1-Hybrid-and-Phurpas

MSHR’s electric glyphs evoke the alienness of our tech futures

LaTurbo Avedon’s Panther Modern opened up its tenth room recently. It’s an online exhibition space that encourages each of its contributing artists—all of who have their own 3D model file known as a “Room”—to experiment with the possibilities of software when creating their installations. The architecture of this exhibition is entirely virtual. It’s altered according to the aesthetic demands of every project. All the rooms together form a honeycomb of net art that wouldn’t be possible in physical space.

Over the months, Panther Modern has hosted works as divergent as the frazzling, low-res and color-rich girly aesthetic of Emilie Gervais in Room Three, and Kim Laughton‘s hyper real, ultra-reserved silver-and-white naked gallery space in Room Eight. Now, occupying Room Ten, are the distinct creations of Portland-based duo Brenna Murphy and Birch Cooper, who collectively identify as MSHR. It’s among the gallery’s wildest sights.

MSHR describes their work as comprising “sculptural synthesizers” and “ritualistic performances.” Typically, they host alien discotheques that might involve moving their hands over peculiar interfaces, or splaying themselves across a lavish, circuitous “hyper scape” that resembles the exposed guts of a Venetian emperor. With the absence of the two performers (Murphy and Cooper) in Room Ten, it’s the standalone synthesizers that dominate the digital space here as if their surrogate offspring.

What you see immediately are large concrete symbols pulsing with the colorful exuberance of deep sea jellyfish amid the black space. There are liquid computers with fluorescent rainbow bead trimmings and steel-ribbed furniture adjacent to mirror boxes. Looking strictly at the shapes, there’s a mixture of occult paraphernalia and ancient glyph patterns; the images are labelled with words such as “Ursa” (perhaps referring to the constellation) and “Phurpa” (an embellished ritual dagger from Tibetan cultures).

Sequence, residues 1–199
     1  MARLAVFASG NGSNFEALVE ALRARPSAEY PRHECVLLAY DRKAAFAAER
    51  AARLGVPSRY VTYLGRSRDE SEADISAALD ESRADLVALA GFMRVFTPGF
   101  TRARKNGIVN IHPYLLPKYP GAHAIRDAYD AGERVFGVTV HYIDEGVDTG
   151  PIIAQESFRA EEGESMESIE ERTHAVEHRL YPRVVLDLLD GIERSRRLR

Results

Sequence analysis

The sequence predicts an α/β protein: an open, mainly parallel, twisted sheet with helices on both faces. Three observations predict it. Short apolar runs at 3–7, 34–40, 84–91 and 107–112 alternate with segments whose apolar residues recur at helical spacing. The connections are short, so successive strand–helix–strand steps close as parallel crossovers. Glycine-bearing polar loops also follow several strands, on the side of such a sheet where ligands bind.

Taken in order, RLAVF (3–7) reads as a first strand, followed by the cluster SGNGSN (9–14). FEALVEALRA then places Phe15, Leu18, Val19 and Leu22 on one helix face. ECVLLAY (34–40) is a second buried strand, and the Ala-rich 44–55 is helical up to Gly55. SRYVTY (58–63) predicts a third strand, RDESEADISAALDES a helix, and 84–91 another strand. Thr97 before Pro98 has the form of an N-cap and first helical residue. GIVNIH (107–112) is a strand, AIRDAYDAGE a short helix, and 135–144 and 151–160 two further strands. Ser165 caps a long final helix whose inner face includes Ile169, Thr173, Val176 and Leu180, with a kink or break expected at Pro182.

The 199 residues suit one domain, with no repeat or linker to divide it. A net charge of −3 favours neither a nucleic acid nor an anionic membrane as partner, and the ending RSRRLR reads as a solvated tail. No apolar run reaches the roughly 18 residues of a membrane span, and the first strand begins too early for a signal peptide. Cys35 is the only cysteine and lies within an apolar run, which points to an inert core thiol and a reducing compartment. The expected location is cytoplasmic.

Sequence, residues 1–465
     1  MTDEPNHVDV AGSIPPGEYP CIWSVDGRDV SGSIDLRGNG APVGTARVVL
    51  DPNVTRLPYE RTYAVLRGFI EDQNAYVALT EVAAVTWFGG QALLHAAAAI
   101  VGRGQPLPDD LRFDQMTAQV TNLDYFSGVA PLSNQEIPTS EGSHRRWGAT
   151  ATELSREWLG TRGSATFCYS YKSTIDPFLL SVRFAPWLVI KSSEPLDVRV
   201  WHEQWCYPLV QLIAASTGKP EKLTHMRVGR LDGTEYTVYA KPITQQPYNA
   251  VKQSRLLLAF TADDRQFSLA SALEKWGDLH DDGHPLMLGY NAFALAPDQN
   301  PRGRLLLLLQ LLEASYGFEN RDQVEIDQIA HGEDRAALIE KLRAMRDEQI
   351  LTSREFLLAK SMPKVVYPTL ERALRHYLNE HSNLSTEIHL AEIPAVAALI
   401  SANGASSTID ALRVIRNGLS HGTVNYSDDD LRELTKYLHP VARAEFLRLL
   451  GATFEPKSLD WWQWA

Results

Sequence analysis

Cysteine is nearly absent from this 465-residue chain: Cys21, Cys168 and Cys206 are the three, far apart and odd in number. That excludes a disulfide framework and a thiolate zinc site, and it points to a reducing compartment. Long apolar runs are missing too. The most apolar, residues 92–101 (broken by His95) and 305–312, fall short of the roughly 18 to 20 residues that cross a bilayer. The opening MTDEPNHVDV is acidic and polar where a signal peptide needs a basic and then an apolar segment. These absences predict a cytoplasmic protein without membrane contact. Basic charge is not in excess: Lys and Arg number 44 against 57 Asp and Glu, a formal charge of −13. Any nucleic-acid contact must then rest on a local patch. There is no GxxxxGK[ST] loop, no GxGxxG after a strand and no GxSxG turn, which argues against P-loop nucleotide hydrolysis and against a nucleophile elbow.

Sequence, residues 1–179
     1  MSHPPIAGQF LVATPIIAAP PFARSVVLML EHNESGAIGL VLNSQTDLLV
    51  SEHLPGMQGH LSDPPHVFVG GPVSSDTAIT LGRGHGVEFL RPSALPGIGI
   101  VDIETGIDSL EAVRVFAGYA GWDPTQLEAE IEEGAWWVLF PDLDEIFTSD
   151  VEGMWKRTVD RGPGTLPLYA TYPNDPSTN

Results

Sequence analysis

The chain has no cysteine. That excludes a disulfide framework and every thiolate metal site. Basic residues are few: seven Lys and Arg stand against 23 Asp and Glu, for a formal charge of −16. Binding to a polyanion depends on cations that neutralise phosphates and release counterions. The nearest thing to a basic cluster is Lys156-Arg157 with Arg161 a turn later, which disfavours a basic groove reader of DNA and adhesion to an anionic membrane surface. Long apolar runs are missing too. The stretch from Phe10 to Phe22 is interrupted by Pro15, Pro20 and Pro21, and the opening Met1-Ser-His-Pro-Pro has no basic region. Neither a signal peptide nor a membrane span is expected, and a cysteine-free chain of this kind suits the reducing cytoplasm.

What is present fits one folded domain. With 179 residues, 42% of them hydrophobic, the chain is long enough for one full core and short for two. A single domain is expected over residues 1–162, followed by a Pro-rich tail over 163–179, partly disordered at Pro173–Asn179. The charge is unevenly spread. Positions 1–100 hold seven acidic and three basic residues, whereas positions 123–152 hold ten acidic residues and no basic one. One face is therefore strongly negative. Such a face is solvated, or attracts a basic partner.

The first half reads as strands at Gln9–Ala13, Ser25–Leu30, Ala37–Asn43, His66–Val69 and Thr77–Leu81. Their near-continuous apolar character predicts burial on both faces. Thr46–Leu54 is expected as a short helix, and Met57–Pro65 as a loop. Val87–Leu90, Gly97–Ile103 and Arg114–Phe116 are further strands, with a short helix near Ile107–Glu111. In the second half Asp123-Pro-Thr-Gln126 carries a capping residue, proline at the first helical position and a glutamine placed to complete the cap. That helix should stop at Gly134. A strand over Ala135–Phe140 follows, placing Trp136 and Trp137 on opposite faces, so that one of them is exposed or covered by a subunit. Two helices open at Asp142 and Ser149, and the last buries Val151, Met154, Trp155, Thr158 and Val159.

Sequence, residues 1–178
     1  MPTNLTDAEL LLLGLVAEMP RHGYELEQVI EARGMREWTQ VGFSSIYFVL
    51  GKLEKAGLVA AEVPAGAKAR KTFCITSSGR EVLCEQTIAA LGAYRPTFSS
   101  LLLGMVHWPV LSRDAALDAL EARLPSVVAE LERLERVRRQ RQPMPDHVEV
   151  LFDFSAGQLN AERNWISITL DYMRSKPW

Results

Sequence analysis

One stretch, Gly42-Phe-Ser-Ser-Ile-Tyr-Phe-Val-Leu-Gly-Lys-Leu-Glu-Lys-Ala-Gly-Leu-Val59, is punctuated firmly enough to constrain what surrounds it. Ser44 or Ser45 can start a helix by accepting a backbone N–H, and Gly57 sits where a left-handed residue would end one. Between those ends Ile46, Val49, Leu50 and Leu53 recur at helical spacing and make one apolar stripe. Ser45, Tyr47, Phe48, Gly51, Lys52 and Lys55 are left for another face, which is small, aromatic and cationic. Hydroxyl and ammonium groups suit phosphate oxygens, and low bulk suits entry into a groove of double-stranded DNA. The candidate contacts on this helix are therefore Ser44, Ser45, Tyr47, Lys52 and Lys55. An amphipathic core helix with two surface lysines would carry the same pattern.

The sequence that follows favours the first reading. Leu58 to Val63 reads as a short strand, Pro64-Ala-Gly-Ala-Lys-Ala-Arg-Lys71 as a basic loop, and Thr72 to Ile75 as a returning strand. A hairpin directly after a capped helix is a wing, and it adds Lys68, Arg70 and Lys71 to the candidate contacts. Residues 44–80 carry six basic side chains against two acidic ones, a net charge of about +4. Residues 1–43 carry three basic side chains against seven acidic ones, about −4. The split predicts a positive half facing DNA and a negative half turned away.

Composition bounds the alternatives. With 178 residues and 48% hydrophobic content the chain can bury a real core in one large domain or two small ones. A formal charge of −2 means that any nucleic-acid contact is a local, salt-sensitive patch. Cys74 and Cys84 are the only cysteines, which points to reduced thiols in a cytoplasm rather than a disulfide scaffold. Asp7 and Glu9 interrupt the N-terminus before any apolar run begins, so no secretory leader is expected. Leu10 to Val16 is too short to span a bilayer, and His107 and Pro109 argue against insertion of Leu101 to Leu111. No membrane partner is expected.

ancient stones turned into psychedelia 

MSHR explores these ancient hieroglyphs as if through the eyes of an electronic future, one that these icons have been dragged into by time, and manipulated by their technology so as to make them comprehensible. So there are cables and plugs running between the iconic structures to supply them with gratuitous electric currents, as if they were meaningless without some kind of neon energy running through them, some colorful life in their bones. 

MSHR brings more than this curious interplay of the ancient and the future—aged stones turned into psychedelia—to their space. It’s a show of both light and sound. As you open up Room Ten in your browser you are confronted with an analog machine screech that simultaneously pip squeals as if performing a guitar solo while barking in deep-bubble synth tones. It’s a lot to take in at first, but the sounds inform your perception of each digital structure, just as the carefully selected lighting, layout, and camera angles do. 

How you interpret all of these vibrant installations is up to you. Even if you get nothing out of it, you can probably still enjoy the kaleidoscopic allure of it all, spread across the room as otherworldly beings in magnificent display. And if not that, then you have the other nine rooms of the Panther Modern to check out, finding something more to your taste.

You can access all of the rooms in the Panther Modern using the links here. For more information on the works of MSHR check out its website.